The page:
Gutkaiss v Delaware Ave. Merchants Group, Inc.

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Gutkaiss v Delaware Ave. Merchants Group, Inc. 2019 NY Slip Op 04527 Decided on June 6, 2019 Appellate Division, Third Department Published by New York State Law Reporting Bureau pursuant to Judiciary Law § 431. This opinion is uncorrected and subject to revision before publication in the Official Reports.

Decided and Entered: June 6, 2019
527787

[*1]TIMOTHY GUTKAISS, Respondent,

v

DELAWARE AVENUE MERCHANTS GROUP, INC., Defendant, and CITY OF ALBANY, Appellant.

Calendar Date: April 22, 2019
Before: Mulvey, J.P., Devine, Aarons and Rumsey, JJ.

William G. Kelly, Corporation Counsel, Albany (Madalyn R. DeThomasis of counsel), for appellant.

Anderson Moschetti & Taffany, PLLC, Latham (Ingrid A. Effman of counsel), for respondent.



MEMORANDUM AND ORDER

Rumsey, J.

Appeal from an order of the Supreme Court (Mackey, J.), entered August 31, 2018 in Albany County, which, among other things, granted plaintiff's motion for partial summary judgment.

In 2010, with the consent of defendant City of Albany, defendant Delaware Avenue Merchants Group, Inc. (hereinafter Merchants), a not-for-profit corporation, wrapped strands of decorative LED lights around the light poles located along a portion of Delaware Avenue for the purpose of creating a brighter appearance in the neighborhood. In September 2015, Merchants hired plaintiff, as an independent contractor, to replace light strands located on 36 light poles because many of the light bulbs had become inoperable. Plaintiff was injured when he fell from a 16-foot aluminum-rung extension ladder when the pole that it was leaning on suddenly fell over. Plaintiff served a timely notice of claim against the City and thereafter commenced this action asserting, as relevant here, causes of action for a violation of Labor Law § 240 (1) and for negligence [FN1]. Following joinder of issue and completion of discovery, plaintiff moved for partial summary judgment establishing the City's liability pursuant to Labor Law § 240 (1), and the City cross-moved for summary judgment dismissing both causes of action. Supreme Court granted plaintiff's motion and denied the City's cross motion. The City appeals.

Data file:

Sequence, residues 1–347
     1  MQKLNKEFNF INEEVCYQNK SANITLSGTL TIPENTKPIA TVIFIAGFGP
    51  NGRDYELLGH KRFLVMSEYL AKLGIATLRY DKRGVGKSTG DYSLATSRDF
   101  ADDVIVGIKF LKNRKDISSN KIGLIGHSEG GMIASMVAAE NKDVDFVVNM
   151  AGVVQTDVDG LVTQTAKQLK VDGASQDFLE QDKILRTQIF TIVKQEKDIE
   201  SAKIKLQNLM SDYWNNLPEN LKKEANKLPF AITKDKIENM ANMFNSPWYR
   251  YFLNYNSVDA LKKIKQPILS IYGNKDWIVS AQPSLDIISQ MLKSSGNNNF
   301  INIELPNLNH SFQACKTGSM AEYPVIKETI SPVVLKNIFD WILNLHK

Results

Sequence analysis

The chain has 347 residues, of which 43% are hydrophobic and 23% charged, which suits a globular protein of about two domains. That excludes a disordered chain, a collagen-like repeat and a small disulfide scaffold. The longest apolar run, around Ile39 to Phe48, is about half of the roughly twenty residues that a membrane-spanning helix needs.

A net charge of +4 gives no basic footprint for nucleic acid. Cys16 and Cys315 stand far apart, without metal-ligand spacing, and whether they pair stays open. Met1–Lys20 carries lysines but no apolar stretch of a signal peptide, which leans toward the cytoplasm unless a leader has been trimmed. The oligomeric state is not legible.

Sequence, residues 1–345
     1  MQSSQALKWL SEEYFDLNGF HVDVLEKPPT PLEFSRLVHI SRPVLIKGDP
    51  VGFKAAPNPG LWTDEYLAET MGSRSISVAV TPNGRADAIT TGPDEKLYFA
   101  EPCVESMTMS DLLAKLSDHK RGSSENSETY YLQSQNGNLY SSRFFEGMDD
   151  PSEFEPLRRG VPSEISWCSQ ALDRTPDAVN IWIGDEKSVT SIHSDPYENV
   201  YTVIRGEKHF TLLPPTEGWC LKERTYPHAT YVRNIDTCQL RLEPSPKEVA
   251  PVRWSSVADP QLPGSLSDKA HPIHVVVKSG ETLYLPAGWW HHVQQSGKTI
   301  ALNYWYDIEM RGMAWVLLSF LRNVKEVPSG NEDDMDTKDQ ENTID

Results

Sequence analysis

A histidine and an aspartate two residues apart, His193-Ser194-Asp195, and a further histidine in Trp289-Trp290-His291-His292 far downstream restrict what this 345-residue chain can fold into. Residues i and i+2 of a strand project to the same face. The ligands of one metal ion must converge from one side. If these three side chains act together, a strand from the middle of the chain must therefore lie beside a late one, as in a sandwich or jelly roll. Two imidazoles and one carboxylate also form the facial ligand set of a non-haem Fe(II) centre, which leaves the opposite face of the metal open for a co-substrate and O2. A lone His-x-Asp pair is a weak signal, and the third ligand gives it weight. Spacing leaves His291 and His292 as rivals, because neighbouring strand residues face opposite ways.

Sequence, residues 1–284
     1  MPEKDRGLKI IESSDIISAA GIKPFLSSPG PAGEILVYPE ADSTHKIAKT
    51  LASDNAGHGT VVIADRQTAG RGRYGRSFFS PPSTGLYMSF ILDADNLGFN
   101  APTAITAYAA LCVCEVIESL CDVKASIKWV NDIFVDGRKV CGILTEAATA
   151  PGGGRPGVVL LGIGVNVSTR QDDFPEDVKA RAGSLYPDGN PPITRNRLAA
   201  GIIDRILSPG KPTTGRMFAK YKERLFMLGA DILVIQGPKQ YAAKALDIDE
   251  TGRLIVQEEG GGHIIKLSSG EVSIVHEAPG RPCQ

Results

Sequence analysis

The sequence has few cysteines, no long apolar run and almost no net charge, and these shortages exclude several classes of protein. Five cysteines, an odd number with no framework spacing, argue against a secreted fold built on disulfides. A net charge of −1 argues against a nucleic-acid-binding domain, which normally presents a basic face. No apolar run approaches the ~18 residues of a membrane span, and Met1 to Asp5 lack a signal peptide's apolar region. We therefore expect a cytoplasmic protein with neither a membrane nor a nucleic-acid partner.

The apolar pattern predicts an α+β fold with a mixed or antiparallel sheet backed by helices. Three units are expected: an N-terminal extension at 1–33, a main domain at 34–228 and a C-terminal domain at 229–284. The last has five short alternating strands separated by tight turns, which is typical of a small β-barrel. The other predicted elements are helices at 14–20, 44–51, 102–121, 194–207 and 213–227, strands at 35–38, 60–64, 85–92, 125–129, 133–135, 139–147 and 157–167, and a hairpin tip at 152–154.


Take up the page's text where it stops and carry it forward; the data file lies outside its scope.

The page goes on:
To be entitled to the protection of Labor Law § 240 (1), a worker must establish, as relevant here, that he or she was involved in the repair of a structure (see Labor Law § 240 [1]; Perchinsky v State of New York, 232 AD2d 34, 38 [1997], lv dismissed and denied 91 NY2d 830 [1997]). Assuming without deciding that the light poles may be considered structures (see e.g. Lewis-Moors v Contel of N.Y., 78 NY2d 942, 943 [1991]), we nonetheless conclude that plaintiff failed to establish his entitlement to the protection of Labor Law § 240 (1) because the work that he was performing did not constitute a repair. Rather, replacement of the light strands, which was necessary because numerous bulbs had burned out, constituted routine maintenance that is outside the protection of Labor Law § 240 (1) (see Trotman v Verizon Communications, Inc., 166 AD3d 707, 708 [2018], lv denied 32 NY3d 917 [2019]; Konaz v St. John's Preparatory Sch., 105 AD3d 912, 913 [2013]; Monaghan v 540 Inv. Land Co. LLC, 66 AD3d 605, 605 [2009]; cf. Piccione v 1165 Park Ave., 258 AD2d 357, 358 [1999], lv dismissed 93 NY2d 957 [1999] [replacing light sockets, which required disconnecting, stripping and reconnecting the wires, constituted a repair]).